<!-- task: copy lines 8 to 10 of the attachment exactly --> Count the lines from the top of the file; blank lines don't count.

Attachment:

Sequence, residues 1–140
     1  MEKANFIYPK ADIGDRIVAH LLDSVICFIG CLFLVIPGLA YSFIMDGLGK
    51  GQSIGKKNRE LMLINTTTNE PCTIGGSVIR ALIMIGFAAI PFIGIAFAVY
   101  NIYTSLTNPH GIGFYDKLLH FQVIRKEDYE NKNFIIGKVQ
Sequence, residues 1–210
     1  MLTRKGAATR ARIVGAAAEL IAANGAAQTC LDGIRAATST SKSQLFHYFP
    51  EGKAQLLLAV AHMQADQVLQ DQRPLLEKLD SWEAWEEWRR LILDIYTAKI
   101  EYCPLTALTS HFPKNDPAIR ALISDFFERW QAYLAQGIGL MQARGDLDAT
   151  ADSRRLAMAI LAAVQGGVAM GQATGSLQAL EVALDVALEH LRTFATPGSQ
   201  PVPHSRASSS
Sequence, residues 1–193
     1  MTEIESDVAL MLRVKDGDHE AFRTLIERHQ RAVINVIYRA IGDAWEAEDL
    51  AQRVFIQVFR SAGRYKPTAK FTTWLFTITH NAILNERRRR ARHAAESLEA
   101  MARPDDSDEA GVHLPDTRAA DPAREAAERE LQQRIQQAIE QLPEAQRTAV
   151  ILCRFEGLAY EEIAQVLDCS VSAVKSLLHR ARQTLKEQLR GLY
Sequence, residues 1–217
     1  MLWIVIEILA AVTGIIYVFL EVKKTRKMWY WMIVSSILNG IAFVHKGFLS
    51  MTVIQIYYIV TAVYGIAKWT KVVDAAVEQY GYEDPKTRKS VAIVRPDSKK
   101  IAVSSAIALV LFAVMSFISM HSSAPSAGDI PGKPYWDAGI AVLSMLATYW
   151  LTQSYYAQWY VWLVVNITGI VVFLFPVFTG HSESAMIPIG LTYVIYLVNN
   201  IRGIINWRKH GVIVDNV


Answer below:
   101  EYCPLTALTS HFPKNDPAIR ALISDFFERW QAYLAQGIGL MQARGDLDAT
   151  ADSRRLAMAI LAAVQGGVAM GQATGSLQAL EVALDVALEH LRTFATPGSQ
   201  PVPHSRASSS